Posted on Thursday, April 15, 2010
Foreclosures are up 35% from last year.
You'll recall the numbers had decreased 2% in February and 10% in January (not unlike a decrease we saw in January and February last year). But the big news is that March foreclosures numbers are now up 19% from February – the biggest increase ever.
250,000 folks lost their homes between January and March of this year and almost 1 million are entered the foreclosure process. Thats 1 in every 138. 70% of these are in 10 states. Topping th elist; Nevada 1 in 33, Arizona 1 in 49, Florida 1 in 57, California 1 in 62.
These newest numbers are said to indicate we're on pace for over 1 million in 2010, but I would predict we're on the path for more than that. However, the real issue may be short sales and deeds in liue under HAFA or otherwise. These are essentially foreclosures in disquise. Granted they don't clog up the court systems the same way. And some will argue they save lenders money over a foreclosure. But the impact of short sales and DIL on the rest of us is essentially the same as a foreclosure - the resale value of distrseed property is about 30% less, whetehr its a foreclosure, a short sale or a DIL. That's a 30% hit on comparable sales whebn any of us go to refinance of sell our own home. Essentially a potential 30% hit to our home value. Inventory rose by almost 10% last month to almost 9 months supply. In a good market 300,000 homes are sold each month. Now banks are taking back almost that many and adding them into inventory. And that was all when foreclosures were down for January and February!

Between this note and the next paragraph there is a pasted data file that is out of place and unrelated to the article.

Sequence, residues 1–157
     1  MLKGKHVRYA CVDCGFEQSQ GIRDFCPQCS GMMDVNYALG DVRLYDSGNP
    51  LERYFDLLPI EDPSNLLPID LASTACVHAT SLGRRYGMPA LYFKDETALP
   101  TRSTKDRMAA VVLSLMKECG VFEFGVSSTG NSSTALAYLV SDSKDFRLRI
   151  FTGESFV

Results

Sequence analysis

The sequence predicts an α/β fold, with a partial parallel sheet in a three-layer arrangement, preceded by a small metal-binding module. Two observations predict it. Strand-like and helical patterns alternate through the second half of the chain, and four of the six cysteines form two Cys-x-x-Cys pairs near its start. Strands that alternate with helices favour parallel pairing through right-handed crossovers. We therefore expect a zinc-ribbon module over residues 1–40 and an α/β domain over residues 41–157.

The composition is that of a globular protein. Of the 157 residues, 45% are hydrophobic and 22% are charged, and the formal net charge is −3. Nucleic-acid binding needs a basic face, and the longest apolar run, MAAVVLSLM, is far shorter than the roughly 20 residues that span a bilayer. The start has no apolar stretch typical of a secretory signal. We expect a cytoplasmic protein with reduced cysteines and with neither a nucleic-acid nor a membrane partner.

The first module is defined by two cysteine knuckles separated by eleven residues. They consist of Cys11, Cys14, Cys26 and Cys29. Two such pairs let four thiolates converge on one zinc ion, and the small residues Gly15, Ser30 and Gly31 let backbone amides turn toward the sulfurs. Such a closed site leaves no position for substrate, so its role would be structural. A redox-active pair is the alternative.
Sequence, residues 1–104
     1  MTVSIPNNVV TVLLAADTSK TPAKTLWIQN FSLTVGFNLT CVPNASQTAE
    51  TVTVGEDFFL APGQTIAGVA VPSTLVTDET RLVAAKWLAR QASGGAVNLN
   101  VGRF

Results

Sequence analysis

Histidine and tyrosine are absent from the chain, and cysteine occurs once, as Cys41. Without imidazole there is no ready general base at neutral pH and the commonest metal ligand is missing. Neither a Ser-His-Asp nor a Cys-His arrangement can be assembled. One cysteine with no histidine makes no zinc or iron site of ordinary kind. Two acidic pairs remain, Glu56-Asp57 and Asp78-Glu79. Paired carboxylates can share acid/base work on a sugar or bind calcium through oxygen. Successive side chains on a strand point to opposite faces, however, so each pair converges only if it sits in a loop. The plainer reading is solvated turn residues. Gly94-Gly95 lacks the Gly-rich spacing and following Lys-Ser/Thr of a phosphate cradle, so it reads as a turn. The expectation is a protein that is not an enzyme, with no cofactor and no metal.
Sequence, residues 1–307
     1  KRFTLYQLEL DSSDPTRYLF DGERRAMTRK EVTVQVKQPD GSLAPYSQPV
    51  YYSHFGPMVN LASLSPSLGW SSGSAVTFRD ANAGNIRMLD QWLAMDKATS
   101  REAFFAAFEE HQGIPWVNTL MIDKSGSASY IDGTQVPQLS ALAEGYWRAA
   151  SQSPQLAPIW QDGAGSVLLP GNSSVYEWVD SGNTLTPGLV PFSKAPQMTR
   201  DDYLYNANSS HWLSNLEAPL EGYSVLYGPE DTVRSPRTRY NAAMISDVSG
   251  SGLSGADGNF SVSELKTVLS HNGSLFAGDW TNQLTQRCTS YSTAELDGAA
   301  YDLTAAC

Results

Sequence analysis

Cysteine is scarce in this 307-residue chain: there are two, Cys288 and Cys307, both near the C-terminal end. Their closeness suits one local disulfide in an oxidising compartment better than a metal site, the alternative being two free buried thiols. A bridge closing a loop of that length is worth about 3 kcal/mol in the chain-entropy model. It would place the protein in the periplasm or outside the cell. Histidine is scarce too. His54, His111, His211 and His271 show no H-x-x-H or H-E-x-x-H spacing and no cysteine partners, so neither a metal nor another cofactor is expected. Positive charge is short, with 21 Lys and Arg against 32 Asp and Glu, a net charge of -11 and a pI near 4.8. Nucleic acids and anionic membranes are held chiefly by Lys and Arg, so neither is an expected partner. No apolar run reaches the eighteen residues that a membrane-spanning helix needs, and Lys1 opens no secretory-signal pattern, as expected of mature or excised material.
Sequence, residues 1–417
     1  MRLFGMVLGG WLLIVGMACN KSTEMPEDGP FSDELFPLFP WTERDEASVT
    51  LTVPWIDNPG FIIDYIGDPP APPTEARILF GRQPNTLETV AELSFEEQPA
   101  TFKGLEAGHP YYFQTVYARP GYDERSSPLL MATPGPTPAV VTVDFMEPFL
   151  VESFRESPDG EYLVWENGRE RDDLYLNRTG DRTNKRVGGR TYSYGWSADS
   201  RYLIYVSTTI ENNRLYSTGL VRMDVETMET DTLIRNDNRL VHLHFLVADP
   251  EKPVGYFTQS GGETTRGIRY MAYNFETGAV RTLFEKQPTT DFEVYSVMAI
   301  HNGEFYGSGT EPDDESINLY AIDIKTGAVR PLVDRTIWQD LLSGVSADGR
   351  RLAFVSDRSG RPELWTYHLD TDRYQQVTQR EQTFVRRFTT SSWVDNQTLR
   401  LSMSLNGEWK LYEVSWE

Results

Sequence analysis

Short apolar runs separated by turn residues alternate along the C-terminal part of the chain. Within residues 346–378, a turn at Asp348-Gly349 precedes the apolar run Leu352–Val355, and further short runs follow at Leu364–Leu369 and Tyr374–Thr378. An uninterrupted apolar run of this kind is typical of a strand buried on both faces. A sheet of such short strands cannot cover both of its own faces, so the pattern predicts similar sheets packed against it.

Think about it. If the 4 to 5 million people the Administration thought would benefit from HAMP and did not now line up for HAFA short sales or DIL, thats 4 to 5 million comparable sales that will drag down everyones home values. Only 30% of sales now are distressed and home sales and prices seems to be stalling.
When that happens we're bound to see more folks finding themselves under water and, in turn, thinking about a short sale or deed in lieu. The adverse feedback cycles contineus. What we really need is solutions that will contain the problem, not cause it to spread.
Already 11 million are thought to be underwater, a number expected to grow to 28 million or perhaps more thanks now to HAFA.
The only hope is that HAFA will not be embraced by the lenders. Afterall, it requires lenders to write down principal (a soluiton that should only apply to very few ion a careful case by case basis), waive deficiencies and (if the first lender hold the second) waive the second, both requirements that could have dire accounting, legal and regulatory consequences for some already shaky banks. Not to mention long terms impacts on the ability for all of us to get mortgage money again.